Big Phil enjoyed an ideal start his World Cup campaign following Brazil’s 3-1 victory over Croatia. The importance of getting off to a good start is critical, but as host nation and tournament favourites that importance was probably doubled. Brazil have beaten arguably their toughest opponents in the group and now stand just one win from the 2nd round.
It wasn’t the perfect performance from Brazil by any means. An early own goal from Marcelo threatened to spoil the opening day for the hosts and the Brazilian defence was frequently breached by a Luka Modrić pass or Ivica Olić surge. There were moments where Brazil were shaking but the most important thing was that they got their victory.
Scolari has with him one of the strongest squads in world football, demonstrated by the fact that he left the likes of Lucas Moura, Phillipe Coutinho, Kaka, Robinho, Felipe Luis and Miranda out of his final squad. He’s got a fantastic set of players at his disposal and boasts strength in depth, but these players still need to be managed effectively and the way Scolari managed his substitutes against Croatia really demonstrated his tactical ability.
All three of his substitutes made a huge difference to the match and they changed the match in the exact way in which Brazil needed them to.
The first of Scolari’s three subs came after 63 minutes with the score at 1-1, when Paulinho came off for Hernanes. Paulinho was having an impressive game. His box-to-box style of play with the Tottenham man bombing up and down the pitch allowed a constant source of link-up play for the likes of Ocsar, Neymar and Fred. But as the game wore on and Croatia began to sink back into their box something needed to change.
Scolari acted quickly and brought on Hernanes who supplied Brazil with new-found energy and skill. Suddenly the Croats were faced with one more player who began to run at them, one more player who caused a defender or two to drop off and create space for others. With Croatia sitting back and soaking up the pressure, the bustling style of Paulinho had to make way for the more creative Hernanes and Brazil began to open Croatia up.
The next substitute took place 5 minutes later, when Bernard came on for Hulk. Hulk shouldn’t have started the game in reality – he’s quick but takes a few seconds to get up to speed and needs a lot of space to operate. Croatia didn’t allow him any space whatsoever, and once Hulk’s explosiveness and direct running are taken away, the player is effectively nullified. A change was needed desperately and Bernard supplied it with his agile bursts and weaves. Suddenly Darijo Srna had work to do and his Shakhtar teammate began to cause all sorts of problems. He began stretching the defence allowing Neymar and Marcelo to make runs in behind as the Croatia defence began to tire and, like Hernanes, his ability to beat his defender meant that the Croats dropped off every time he was on the ball, giving him more space to operate and opening up more space for the other attackers. Within minutes following these two substitutions, Brazil had a penalty.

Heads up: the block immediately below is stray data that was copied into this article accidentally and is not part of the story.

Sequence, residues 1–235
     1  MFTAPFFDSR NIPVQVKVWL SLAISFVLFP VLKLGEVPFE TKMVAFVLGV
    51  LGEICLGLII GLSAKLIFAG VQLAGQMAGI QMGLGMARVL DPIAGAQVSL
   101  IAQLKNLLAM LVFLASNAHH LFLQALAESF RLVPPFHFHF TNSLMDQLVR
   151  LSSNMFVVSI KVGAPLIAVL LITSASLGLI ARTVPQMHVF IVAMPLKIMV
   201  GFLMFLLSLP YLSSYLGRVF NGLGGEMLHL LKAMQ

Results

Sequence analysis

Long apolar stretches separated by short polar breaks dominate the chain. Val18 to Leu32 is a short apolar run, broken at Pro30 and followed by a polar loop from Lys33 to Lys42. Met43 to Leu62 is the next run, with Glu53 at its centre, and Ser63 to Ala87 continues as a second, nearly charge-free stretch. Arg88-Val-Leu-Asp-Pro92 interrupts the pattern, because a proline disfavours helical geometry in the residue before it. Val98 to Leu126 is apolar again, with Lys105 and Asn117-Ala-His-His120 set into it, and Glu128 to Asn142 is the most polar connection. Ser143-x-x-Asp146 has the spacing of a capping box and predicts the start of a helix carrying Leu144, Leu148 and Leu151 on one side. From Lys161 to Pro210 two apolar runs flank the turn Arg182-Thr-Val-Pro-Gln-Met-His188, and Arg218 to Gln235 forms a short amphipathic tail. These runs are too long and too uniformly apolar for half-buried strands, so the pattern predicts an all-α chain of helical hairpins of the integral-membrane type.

The third and final substitution happened with 2 minutes of normal time to go but still made a huge impact. With Brazil holding on to a 1 goal lead, Croatia finally began to threaten again and with the game running down it was clear Brazil were in for 5 minutes of defending. Off comes Neymar, his job done and uses expired, and in comes Ramires.
Ramires is the furthest from your stereo-typical Brazilian footballer you can get. Compared to his teammates, poor on the ball, very little technical ability, but Scolari played him exactly to his strengths. What Ramires may lack in raw talent, he makes up for in energy and tenacity. With the game in their hands, Brazil didn’t need to play their samba football, they just needed to close the game out, and Ramires will act as a vital cog for whenever Brazil (or Chelsea for that matter) decide to do this. His high-energy and hard-tackling combined with his ability to counter quickly and keep running make him a lot more valuable than perhaps his technical abilities deserve.
In the dying embers of the game Ramires, who had maintained his position in the pivot well for 2 minutes, standing in threatening areas and blocking passes before they’ve been made, surged up the field to make a crunching tackle in Croatia’s half, he then fed the ball to Oscar who toe-poked the ball home to win all three points for Brazil.
Make no mistake, the three substitutes changed the game and Scolari deserves a lot of credit. The timings of all three were impeccable and that cannot be underestimated. Big Phil knows his players well, knows their strength and knows their weaknesses and I expect substitutes to play a big hand in Brazil’s fortunes over the next month.